Interviews & Opinion

"VR has the ability to immerse players more than any other medium": Jante Interactive discuss creating Tea is Served

"VR has the ability to immerse players more than any other medium": Jante Interactive discuss creating Tea is Served

The Big Indie Pitch is a regular event run by the makers of Pocket Gamer and PC Games Insider. It sees indie developers engage in a speed-dating-styled pitching competition for fame and those sweet, sweet promotional packages.

The event gives indies five minutes to pitch their games to a panel of press, publishers and industry pundits. The judges then pick three winners and everybody gets valuable feedback.

The indie view

The Big Indie Pitch is getting bigger and bigger as we bring it to events all across the world. To give you an idea of what the event is like, who attends the events and the games on show, we've sat down with several past Big Indie Pitch contestants to offer their views.

Today, we're speaking to Jante Interactive (Michelle Brøndum, Lina Kalcheva, Casey Lodge and Alastair McNamara), who submitted Tea Is Served to The Very Big Indie Pitch at Pocket Gamer Connects London 2024 and walked away as the runner-up.

All the pitching madness

Sophia Aubrey Drake: Tell us a little about yourself and your indie studio - who is on the team, and what are their inspirations?

Jante Interactive: Jante Interactive is an independent games company, specialising in narrative games and VR experiences for players who are looking for immersion and meaningful choices.

Our first game, Tea is Served, came about after a team discussion of what we felt was missing in the VR market, and what we’d like to play ourselves. We were inspired to create a game with distinct characters, engaging dialogue and high stakes in a rich storyworld, and believe that Tea is Served, fills a gap in the market that is highly dominated by shooters and puzzle games. We also thought cryptids would make for terrible tea party hosts.

The team behind Tea is Served is Michelle Brøndum, Producer and Founder of Jante Interactive, Lina Kalcheva, Art Director, Casey Blakeston Lodge, Game Designer, and Alastair McNamara, Audio Director.

Tell us about Tea Is Served that you pitched at the competition.

Tea is Served is a VR game for Meta Quest 2, developed with support from StoryFutures Academy and the National Film and Television School.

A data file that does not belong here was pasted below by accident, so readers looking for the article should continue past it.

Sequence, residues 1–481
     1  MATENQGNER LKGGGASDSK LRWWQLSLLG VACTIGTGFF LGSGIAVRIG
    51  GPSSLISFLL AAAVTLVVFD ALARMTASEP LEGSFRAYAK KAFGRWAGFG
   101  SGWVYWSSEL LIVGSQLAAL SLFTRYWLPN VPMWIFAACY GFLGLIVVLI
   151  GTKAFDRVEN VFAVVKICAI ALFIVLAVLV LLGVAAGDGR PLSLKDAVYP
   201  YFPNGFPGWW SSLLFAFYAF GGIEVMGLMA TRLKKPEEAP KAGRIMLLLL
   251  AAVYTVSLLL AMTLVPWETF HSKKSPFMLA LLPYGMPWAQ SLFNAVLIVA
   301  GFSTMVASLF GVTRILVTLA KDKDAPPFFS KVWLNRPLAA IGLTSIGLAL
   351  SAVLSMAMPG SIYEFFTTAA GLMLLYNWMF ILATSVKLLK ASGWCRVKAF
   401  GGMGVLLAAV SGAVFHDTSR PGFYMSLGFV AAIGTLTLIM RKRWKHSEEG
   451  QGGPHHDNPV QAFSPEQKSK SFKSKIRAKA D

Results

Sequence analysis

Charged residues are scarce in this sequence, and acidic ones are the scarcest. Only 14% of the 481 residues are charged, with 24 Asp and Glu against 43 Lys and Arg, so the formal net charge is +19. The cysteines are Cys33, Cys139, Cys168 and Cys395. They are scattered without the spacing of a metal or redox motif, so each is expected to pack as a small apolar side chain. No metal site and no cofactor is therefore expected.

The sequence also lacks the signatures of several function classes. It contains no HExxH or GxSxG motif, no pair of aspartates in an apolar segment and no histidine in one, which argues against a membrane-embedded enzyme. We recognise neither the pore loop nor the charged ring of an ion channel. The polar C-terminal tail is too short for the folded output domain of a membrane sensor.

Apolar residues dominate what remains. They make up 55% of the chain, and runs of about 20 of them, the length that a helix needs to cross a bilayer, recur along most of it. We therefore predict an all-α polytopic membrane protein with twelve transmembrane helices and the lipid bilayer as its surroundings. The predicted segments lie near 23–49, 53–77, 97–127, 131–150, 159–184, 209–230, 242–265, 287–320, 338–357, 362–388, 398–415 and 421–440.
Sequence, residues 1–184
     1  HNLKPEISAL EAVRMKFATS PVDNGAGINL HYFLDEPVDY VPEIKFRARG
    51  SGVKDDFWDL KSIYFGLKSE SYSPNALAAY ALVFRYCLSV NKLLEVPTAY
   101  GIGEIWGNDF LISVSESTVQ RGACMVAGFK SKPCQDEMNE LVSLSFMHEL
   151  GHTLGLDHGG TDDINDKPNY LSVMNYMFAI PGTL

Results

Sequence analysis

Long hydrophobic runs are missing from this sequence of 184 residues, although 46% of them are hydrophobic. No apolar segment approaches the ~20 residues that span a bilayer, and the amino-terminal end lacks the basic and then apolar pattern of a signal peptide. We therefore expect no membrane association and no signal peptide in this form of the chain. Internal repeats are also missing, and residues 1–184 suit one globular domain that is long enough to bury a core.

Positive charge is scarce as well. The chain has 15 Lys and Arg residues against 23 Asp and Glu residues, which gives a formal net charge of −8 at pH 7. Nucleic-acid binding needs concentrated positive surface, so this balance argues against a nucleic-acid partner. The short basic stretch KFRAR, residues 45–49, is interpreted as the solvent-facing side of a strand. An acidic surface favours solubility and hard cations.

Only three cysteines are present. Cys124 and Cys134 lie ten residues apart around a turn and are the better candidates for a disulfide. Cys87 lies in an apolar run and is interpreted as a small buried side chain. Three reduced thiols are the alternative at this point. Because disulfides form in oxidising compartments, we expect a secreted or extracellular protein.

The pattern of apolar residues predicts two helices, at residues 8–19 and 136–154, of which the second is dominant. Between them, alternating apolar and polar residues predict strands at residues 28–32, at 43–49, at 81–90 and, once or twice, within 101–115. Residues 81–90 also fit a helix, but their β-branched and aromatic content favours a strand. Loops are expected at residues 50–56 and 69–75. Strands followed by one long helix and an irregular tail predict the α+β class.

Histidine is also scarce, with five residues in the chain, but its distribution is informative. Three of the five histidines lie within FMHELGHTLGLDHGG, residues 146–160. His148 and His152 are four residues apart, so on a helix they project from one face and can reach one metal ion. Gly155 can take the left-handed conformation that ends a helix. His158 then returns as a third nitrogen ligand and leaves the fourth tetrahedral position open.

In the game, you find yourself at the annual tea party of the world’s most feared cryptids - and you are their entertainment. Nessie, the Chupacabra, the Mothman, the Wendigo, and one ordinary guy called Brian - have all come from across the globe to enjoy an afternoon of tea and mayhem with this year's host, Dracula. As they shout at you from all sides, you must do everything you can to meet their demands, because if you fail, you’re in the desert.

Tea is Served, came about after a team discussion of what we felt was missing in the VR market, and what we’d like to play ourselves
Jante Interactive

What do you think are the most unique and interesting aspects of Tea Is Served that gamers may never have seen before?

The cryptid characters in Tea is Served are by far the most fun and unique aspect of the game. We loved designing characters with big and demanding personalities based on their specific lore and had a lot of fun with voice acting too, which really brought the characters to life. We are obviously big fans of cryptids ourselves, but we had no idea that there was a whole fanbase out there until we exhibited the game at EGX in 2023 and were met by so many lovely and excited cryptid fans, who knew and loved the characters in our game before they’d even played it.

Tea Is Served is a VR comedy-horror game. What made you choose to make this type of game, and what do you think you bring that may not have been seen before?

VR has the ability to immerse players more than any other medium by quite literally putting the player right in the middle of the action. With Tea is Served we were quite keen to create a game which took full advantage of this, and make something that was both funnier and scarier for being in the headset.

We thought the spatial aspect allowed brilliantly for physical comedy and funny dialogue coming from all around you, and the limited field of view and spatial audio could also be used to scare the player in equal measure.

We enjoyed playing with a feeling of claustrophobia, as you are literally trapped with no way out of this weird tea party, and have no idea if something sinister is happening right behind you unless you dare turn around. We then used funnier, more playful interactions with objects and dialogue to provide comic relief from this unnerving atmosphere.

Comedy and horror have always been a classic combination in other mediums, but we hadn’t seen it being done much in VR and were excited to see how far we could push it.

How did you come to choose the platforms that you would develop Tea Is Served for?